When Scott Rogowsky auditioned to host the unreleased online quiz show HQ Trivia in 2017, after a decade of grinding gigs on the New York comedy scene, he didn’t think it would be his ticket to instant fame.
But soon after landing the job, the “game show on your phone” app — from the founders of the once-popular six-second video platform Vine — became an overnight national sensation. At its peak, millions of users, including celebrities, would open the app simultaneously to answer a series of trivia questions for cash prizes. It combined the best elements of mobile gaming, live video and TV production and brought them together in an experience that people could participate in at home, at the bar or anywhere, in real time.
“We went from zero ratings to $100 million in six months,” Rogowsky told CNN in his new film “Glitch: The Rise & Fall of HQ Trivia.” “We had a Super Bowl commercial, billboards in Times Square. [I] you can’t walk down the street without taking a selfie.”
But the company collapsed almost as quickly. Its success was eventually destroyed by corporate infighting, executive changes and the death of one of its co-founders, Colin Kroll. However, three years after the company’s closure, the game’s legacy lives on, and other companies are trying to get large audiences to instantly tune in to the same thing in a disrupted digital environment. But like HQ Trivia, these efforts rarely last.
Twice a day, the world stopped for 30 minutes as players watched one or more people win the big bucks instantly on HQ Trivia – and viewers had a chance to cash in, too. The winning players divided the set among themselves. Sometimes the prizes were high ($250,000); other times it was only $11.
With his charismatic, quirky charm, Rogowsky has emerged as the internet’s beloved “quiz dad” and has a front-row seat to the hottest new things in technology. As of March 2018, the app has attracted more than 2.3 million users for each trivia task.
Behind the scenes, however, tensions rose between Rogowsky and HQ Trivia co-founder Rus Yusupov, who was reportedly jealous of Rogowsky becoming the face of the company. Allegedly, Yusupov and Kroll also clashed over different ideas. At the same time, Kroll’s alleged past aggressive behavior at Vine hindered investor participation.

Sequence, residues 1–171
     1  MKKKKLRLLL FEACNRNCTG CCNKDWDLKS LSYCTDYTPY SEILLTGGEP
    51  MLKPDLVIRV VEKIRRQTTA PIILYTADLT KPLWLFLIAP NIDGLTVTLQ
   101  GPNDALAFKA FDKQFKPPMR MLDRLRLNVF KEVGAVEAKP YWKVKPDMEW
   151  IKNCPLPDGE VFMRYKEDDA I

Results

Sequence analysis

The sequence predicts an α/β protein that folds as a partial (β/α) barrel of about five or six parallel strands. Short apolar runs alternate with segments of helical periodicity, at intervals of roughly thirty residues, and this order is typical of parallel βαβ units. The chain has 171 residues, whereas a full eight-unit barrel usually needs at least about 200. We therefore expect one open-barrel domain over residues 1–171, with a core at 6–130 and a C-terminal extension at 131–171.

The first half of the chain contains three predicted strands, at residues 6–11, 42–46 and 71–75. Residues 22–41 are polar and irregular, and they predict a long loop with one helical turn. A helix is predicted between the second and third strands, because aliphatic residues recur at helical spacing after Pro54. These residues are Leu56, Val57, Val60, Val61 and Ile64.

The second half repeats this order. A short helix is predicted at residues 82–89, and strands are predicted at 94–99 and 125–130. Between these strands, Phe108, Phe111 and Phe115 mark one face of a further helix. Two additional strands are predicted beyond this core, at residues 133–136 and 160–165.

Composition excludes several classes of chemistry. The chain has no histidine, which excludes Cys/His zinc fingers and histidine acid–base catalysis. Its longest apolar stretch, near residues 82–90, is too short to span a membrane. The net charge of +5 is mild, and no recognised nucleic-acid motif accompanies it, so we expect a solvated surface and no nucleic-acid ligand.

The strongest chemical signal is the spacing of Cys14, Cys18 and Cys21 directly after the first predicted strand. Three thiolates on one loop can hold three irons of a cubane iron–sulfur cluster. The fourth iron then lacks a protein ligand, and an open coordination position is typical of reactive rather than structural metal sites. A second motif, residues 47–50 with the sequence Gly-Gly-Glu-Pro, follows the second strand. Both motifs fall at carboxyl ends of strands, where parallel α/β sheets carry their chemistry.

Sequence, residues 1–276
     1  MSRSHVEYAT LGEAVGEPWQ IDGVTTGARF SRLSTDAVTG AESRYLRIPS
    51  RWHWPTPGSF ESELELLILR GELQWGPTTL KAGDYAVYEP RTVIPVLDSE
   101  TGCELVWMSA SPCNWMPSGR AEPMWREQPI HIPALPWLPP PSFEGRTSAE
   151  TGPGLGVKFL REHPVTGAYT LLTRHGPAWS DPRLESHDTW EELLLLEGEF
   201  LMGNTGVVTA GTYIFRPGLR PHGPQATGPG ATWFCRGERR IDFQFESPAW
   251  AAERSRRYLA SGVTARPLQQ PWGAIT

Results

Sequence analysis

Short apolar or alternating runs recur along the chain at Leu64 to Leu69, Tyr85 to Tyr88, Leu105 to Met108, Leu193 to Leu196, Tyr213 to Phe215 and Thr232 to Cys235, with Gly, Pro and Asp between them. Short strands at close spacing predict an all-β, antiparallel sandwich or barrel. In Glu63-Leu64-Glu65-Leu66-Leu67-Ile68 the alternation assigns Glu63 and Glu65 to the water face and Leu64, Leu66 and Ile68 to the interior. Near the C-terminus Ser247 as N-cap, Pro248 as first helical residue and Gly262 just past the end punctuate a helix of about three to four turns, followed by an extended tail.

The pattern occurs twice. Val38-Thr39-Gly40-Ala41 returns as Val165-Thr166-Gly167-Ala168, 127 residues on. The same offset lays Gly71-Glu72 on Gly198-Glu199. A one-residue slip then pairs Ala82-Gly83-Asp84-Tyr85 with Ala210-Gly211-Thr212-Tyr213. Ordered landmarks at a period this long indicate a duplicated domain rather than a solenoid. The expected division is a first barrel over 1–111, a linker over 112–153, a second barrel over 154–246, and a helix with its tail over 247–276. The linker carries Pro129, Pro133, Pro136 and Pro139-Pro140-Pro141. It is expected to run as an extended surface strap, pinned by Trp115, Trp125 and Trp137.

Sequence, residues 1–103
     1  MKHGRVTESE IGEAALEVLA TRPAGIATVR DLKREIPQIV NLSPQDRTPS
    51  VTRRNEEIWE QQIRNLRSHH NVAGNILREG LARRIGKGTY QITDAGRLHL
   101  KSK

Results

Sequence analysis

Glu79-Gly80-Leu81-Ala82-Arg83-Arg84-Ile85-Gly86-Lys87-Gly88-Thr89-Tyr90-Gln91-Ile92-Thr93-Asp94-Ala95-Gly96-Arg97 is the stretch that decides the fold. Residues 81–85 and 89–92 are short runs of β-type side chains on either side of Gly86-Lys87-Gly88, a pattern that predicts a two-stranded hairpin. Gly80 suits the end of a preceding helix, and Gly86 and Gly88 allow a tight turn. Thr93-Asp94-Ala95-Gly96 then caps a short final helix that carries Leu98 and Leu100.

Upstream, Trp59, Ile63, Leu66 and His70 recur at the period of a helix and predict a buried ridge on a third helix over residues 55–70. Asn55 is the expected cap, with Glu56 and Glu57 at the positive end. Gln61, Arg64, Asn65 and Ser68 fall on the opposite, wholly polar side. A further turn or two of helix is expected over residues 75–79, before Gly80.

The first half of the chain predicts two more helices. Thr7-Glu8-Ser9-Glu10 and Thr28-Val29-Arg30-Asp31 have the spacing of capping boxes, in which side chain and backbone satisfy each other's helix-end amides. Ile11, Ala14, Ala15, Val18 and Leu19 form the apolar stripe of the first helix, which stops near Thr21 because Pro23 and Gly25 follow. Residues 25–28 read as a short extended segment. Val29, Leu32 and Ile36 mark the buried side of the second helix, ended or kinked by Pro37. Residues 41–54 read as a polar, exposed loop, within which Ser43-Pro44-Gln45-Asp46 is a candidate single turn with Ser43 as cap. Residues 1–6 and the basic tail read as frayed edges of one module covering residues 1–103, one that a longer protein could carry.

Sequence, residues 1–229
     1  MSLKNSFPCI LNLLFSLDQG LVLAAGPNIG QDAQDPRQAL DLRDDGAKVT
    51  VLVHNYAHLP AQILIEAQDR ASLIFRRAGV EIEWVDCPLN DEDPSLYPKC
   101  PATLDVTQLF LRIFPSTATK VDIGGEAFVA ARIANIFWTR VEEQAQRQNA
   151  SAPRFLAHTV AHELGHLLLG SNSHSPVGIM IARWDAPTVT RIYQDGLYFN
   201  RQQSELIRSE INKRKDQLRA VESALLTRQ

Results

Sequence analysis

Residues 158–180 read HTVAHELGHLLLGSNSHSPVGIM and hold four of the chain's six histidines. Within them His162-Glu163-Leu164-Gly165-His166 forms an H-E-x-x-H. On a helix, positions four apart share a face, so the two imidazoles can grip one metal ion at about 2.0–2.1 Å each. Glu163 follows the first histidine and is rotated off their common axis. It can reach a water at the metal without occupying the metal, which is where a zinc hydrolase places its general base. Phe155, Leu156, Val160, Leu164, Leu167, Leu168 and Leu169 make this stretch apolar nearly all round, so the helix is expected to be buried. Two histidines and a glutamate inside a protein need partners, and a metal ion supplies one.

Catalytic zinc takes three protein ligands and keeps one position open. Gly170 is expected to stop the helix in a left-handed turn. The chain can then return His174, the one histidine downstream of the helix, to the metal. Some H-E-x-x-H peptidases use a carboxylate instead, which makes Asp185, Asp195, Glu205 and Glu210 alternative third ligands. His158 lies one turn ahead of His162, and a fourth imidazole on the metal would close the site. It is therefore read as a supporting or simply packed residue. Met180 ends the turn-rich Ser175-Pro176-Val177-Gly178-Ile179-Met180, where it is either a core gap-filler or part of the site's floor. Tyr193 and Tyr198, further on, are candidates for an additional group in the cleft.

There were also technical problems. As the app continued to grow in popularity, it became increasingly buggy and regularly crashed for users. Some players claimed they never received their payouts, others were getting bored. Daily use began to fall.
Rogowsky left in March 2019 to pursue other opportunities, nearly three months after Kroll was found dead in his New York apartment. Rogowsky now owns a vintage clothing store in Los Angeles.
The app was officially shut down in February 2020, when players received a mysterious notification on their phones: “HQ is live. Just kidding. We’re shutting down the show indefinitely.”
How an angry phone call went viral
Over the years, other tech companies have launched similar services to capture the magic of HQ Trivia, with mixed success.
Facebook launched a game show platform in 2018, which was canceled in the US the following year. Recently, TikTok launched a multi-day quiz show featuring several trivia and a live host with cash prizes. The company also encouraged businesses to use it to “connect with their community.”
Wordle, a word game in which users must try to guess a five-letter word six times a day, achieved online virality similar to HQ Trivia last year as the service made it easy to post on social media how many tries it took to get the answer.
In an interview last year, Wordle’s creator said part of the app’s power is its ability to create “a shared experience,” especially during the pandemic, when friends and family have been kept apart. However, unlike HQ Trivia, Wordle does not require its users to share this experience at the exact same moment of the day.
BeReal may arguably be HQ Trivia’s most enduring legacy, despite not being a trivia game. The popular social app is trying to get all of its users to stop what they’re doing and take a selfie at a certain time of the day. The goal is different — to create authenticity — but like HQ Trivia, it forces users to be in the moment. But users are said to be decreasing even at BeReal.
“Other than live sports or the Oscars, there are very few live events where people interact,” Mike Miley, author of “Truth and Coincidence: Game Shows in Truth and Fiction,” said of HQ Trivia’s legacy in a CNN documentary. “[Game shows] they strive to find their own unique twists on that formula and capture people’s imaginations, and HQ has been able to scratch that itch in a unique way that hasn’t been seen before.”
For a deeper look at the meteoric rise and sudden collapse of the once-ubiquitous mobile game show, CNN’s “Glitch: The Rise & Fall of HQ Trivia” premieres Sunday, March 5 at 9pm PT.